Causes of Enlarged Prostate (BPH)
Medically reviewed by Dr. J. Kellogg Parsons M.D
Experts don’t know for certain what all the causes of enlarged prostate are. One theory is that the prostate glands of older men response better to the male hormone testosterone and its directive to “grow.” Another theory is that a fluctuation in the ratio of testosterone to estrogen triggers the growth. Since men produce small amounts of the typically female hormone estrogen—or more specifically, a type of estrogen called estradiol—this is a possibility.
What Are the Risk Factors for an Enlarged Prostate?
Researchers have identified the most common risk factors for an enlarged prostate. They can be divided into two categories: those you can change and those you cannot.
Which Risk Factors or Causes of Enlarged Prostate Can’t You Change?
Age: The half-century mark seems to be the tipping point when it comes to greater risk of developing BPH. While slightly more than 20 percent of American men ages 40 to 49 have symptoms of BPH, this figure rises to about 35 percent among men 50 to 59, 58 percent in the 60 to 69 age group, and 84 percent in men age 70 and older. Factors that may contribute to the age-related risk of developing BPH include changes in hormone levels and damage to the blood vessels that supply the prostate and surrounding structures. When the prostate cells are deprived of enough blood, some experts speculate that this triggers the unwanted growth.
Family history: If you have a close male relative (father, grandfather, brother, son) who has or had an enlarged prostate, then you are at an increased risk of getting the disease. This is especially true if your relatives had symptoms severe enough to require treatment before the age of 60.
Ethnicity: Results of a large-scale study published in 2007 found that black and Hispanic men are more likely to develop an enlarged prostate than white and Asian men. However, other studies have not found much difference between ethnic groups.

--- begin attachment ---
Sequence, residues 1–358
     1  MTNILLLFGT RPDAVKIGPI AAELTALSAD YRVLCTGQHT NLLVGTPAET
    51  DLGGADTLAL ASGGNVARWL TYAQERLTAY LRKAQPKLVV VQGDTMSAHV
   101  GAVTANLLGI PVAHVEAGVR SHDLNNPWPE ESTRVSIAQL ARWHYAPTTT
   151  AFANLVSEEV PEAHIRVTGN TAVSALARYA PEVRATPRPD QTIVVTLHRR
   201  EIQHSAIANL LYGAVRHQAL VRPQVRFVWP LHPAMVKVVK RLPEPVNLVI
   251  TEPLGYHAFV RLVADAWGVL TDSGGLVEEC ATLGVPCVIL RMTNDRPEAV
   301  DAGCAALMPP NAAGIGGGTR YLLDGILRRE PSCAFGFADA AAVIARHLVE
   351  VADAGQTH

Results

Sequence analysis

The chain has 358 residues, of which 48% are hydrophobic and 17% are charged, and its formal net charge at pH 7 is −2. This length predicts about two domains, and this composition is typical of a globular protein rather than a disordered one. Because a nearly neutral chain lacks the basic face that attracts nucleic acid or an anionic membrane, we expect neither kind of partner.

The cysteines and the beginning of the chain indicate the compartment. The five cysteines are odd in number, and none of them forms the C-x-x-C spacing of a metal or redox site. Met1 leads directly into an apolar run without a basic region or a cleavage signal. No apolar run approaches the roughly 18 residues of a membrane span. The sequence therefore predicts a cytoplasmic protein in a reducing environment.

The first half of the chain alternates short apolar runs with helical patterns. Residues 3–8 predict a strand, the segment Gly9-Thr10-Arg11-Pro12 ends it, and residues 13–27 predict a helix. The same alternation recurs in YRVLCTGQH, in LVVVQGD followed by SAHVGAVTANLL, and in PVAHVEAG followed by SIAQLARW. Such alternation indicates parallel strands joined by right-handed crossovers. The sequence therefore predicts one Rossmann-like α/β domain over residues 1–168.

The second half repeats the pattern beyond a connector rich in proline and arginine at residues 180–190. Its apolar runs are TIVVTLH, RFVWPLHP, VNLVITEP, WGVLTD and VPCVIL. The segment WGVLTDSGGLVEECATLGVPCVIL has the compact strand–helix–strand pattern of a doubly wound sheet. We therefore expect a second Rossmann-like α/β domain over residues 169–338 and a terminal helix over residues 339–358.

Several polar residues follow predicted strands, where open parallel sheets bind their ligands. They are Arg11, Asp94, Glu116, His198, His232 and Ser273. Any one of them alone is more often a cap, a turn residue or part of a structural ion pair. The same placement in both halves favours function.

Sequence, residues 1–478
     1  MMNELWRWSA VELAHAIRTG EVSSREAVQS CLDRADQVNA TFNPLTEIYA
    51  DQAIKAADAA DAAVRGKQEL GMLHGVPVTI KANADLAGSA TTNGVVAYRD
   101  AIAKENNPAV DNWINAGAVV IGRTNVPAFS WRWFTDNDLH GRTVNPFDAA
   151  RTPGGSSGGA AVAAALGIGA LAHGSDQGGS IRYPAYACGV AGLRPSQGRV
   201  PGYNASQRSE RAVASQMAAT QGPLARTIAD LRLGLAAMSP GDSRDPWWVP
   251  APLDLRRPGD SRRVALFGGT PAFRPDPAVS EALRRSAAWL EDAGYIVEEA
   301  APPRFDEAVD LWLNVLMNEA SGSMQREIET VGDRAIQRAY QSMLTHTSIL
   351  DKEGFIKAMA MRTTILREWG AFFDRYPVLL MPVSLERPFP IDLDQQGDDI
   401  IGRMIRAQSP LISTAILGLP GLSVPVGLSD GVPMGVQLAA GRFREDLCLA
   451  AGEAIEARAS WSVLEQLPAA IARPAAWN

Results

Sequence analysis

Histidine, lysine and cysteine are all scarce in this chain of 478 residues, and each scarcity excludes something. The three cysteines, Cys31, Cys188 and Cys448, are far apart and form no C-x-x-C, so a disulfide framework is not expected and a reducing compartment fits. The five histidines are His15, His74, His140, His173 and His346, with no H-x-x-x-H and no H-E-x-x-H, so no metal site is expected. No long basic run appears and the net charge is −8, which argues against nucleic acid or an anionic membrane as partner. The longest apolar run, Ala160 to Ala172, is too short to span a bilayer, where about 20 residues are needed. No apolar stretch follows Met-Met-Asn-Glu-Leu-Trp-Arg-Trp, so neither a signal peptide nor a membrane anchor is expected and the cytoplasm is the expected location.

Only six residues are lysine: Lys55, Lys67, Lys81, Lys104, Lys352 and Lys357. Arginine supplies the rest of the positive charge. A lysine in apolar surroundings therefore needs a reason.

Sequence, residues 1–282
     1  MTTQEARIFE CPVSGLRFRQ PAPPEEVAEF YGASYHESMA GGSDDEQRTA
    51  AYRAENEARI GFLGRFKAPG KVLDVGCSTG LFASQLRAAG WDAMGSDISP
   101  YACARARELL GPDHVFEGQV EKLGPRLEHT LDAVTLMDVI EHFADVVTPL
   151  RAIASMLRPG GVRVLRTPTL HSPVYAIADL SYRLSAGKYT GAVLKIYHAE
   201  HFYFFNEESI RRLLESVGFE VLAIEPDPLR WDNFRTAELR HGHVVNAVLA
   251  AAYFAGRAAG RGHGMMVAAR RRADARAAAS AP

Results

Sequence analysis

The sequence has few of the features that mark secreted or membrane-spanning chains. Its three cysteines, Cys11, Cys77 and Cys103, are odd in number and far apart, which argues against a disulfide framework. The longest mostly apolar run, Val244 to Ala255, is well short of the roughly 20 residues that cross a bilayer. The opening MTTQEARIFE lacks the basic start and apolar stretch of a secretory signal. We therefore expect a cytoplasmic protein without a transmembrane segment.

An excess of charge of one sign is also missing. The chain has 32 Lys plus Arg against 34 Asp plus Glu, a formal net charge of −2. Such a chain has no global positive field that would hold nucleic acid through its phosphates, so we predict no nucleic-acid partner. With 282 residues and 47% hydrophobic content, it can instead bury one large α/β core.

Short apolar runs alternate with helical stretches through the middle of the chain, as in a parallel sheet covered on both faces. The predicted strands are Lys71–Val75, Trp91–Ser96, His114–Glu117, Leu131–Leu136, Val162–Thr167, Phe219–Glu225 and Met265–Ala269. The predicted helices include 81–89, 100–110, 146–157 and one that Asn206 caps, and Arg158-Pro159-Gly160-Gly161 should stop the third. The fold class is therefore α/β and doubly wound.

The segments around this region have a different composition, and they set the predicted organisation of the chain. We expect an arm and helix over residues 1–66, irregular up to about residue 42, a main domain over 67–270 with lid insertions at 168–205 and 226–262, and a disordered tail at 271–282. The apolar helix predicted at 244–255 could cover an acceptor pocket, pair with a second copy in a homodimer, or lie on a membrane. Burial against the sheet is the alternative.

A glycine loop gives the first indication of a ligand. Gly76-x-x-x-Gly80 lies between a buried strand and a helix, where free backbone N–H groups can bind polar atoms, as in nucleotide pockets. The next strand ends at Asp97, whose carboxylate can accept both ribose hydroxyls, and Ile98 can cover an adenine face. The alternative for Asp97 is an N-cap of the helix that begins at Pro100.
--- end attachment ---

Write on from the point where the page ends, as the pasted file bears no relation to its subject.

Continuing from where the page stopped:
Which Risk Factors for an Enlarged Prostate Can You Change?
It is possible to have a positive impact on each of the following risk factors by making some modifications to your lifestyle. The extent of that effect will vary depending on the degree of severity for each factor as well as how consistent you are with the changes you make.
Excessive DHT: DHT is the acronym for dihydrotestosterone, a substance that is the result of a conversion of testosterone by an enzyme called 5-alpha reductase. BPH is an androgen-dependent disease, which means it is influenced by the male hormone (androgen) testosterone. The prostate will not grow unless it is “directed” to do so by testosterone, which is made mainly by the testes. Boys who have their testicles removed before they reach puberty will never develop BPH, and removing them after puberty but before BPH develops dramatically reduces the chance of suffering from the disease. But testosterone alone is not the bad guy: it must be converted by 5-alpha-reductase into DHT, and the DHT is what promotes the prostate cells to grow. Experts believe DHT levels rise in many men as they age, even if testosterone levels decline, and that the buildup of DHT may be a factor in BPH. Certain lifestyle, diet, supplements, and other adjustments can influence your DHT and testosterone levels.